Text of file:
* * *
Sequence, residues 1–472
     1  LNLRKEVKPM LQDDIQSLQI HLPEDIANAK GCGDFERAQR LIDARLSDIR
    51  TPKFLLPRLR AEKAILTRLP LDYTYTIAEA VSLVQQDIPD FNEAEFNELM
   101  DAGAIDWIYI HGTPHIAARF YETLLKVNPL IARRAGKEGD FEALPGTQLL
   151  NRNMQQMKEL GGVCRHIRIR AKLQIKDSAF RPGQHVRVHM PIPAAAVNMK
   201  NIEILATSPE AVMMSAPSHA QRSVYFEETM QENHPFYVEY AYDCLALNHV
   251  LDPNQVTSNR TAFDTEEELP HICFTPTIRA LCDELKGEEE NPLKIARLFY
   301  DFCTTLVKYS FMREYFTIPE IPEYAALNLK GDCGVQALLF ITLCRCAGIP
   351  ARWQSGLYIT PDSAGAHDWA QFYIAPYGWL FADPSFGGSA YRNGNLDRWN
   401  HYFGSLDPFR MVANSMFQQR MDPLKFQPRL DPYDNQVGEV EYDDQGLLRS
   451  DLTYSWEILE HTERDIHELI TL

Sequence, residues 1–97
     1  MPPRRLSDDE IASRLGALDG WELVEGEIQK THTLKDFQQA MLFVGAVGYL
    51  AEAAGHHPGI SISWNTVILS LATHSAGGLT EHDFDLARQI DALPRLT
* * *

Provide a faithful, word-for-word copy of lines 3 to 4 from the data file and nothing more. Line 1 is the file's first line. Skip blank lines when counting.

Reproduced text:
    51  TPKFLLPRLR AEKAILTRLP LDYTYTIAEA VSLVQQDIPD FNEAEFNELM
   101  DAGAIDWIYI HGTPHIAARF YETLLKVNPL IARRAGKEGD FEALPGTQLL